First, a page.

Protecting integrity is frequently tied to user authentication procedures. System integrity requires that unauthorized users cannot make changes. Passwords should only be reset by authorized administrators or end users—only authorized administrators make configuration changes to the VoIP service infrastructure. The ability to make configuration changes is the attacker’s playground. If an attacker can configure the network, malicious activity can continue completely unnoticed. If an attacker gains configuration access, it’s no longer your network…it’s the attacker’s network. Any system disruption or data corruption threatens system integrity. Malicious intruders aren’t the only threat to integrity. Legitimate employees make errors, sometimes taking unauthorized actions that cause problems. Disgruntled employees might purposely take harmful action. It’s important that user access levels provide permission to access only the resources needed to perform their jobs. Availability Availability is simply the loss of access, either to the network itself or resources on the network. Data might be unavailable because of corruption or destruction (an integrity breach). Congestion on the network may cause delays in accessing information. Any problem that makes the network resource difficult to use or access degrades availability.
Threats and Attacks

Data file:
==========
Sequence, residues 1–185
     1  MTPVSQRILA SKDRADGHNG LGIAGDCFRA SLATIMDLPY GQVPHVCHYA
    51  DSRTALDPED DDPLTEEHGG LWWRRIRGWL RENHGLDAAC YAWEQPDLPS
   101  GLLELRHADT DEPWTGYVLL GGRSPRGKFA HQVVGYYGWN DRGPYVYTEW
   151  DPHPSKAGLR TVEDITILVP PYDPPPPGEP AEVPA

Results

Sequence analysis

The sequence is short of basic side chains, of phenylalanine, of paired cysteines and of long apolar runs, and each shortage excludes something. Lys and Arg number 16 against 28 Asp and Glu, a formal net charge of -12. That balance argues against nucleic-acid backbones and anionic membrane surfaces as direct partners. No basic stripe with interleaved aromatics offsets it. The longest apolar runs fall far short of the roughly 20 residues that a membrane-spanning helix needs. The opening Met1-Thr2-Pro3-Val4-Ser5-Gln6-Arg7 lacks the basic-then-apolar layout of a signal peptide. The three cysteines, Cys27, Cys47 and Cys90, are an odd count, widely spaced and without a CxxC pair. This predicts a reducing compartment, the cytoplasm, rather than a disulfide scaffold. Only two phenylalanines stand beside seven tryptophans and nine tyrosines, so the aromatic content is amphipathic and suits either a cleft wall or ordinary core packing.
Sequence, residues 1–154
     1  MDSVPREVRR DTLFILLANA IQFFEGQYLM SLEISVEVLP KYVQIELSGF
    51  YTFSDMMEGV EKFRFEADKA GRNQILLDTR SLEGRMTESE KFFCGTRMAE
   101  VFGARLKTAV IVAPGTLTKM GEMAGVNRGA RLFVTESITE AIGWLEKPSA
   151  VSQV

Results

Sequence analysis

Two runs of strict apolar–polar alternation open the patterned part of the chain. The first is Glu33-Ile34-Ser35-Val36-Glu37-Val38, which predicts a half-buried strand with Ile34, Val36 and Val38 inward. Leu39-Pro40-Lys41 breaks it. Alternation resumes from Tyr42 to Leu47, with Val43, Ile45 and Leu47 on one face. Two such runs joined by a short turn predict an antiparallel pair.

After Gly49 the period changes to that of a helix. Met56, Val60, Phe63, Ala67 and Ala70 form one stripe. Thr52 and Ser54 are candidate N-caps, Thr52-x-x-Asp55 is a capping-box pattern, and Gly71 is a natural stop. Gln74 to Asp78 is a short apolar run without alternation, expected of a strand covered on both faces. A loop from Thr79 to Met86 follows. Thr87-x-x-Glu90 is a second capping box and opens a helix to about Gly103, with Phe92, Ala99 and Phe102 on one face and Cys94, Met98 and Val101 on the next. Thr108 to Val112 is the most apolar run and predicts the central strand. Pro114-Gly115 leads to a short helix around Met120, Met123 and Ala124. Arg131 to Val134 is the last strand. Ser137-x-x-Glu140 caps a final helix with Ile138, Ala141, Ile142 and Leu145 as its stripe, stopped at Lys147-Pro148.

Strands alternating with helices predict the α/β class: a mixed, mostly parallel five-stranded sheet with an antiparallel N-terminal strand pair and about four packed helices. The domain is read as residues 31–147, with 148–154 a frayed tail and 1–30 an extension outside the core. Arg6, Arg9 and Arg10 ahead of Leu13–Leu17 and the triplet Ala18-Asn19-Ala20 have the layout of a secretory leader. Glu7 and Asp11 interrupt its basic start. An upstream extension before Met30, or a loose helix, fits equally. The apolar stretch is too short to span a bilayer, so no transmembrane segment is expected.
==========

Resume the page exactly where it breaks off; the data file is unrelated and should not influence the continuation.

Attacks may come from outside or they may come from with. Attacks from the outside tend to be focused and malicious in nature. Attacks from within, although sometimes malicious, are often caused by user error or improper system configuration. From the outside, pings, probes, and scans hit the network constantly. These are viewed as reconnaissance attempts, as outside users try to learn about your network. Worms and viruses are a constant and growing threat to business networks. As these problems commonly arrive via email, they are often admitted to the network, then cleaned, purged, or quarantined in an antivirus system inside the network. VoIP deployment creates a new potential attack vector in the gateways, VoIP servers, and unified messaging systems. In a fully converged network, attackers may attack the data network only in an attempt to get at the VoIP services within. Once VoIP services have been deployed, scanning from outside may increase as intruders probe for vulnerable services. VoIP services may open new TCP/IP ports for calling or signaling traffic. Internal attacks are dangerous because they originate from a trusted segment of the network. Although they may come from malicious users, these attacks often come from inappropriate use of the network or some unexpected condition. Internal attacks are often the simple result of some new software program being installed somewhere on the network. A newly added, but misconfigured, server often creates unexpected conditions that may look like a scan or attack against the network.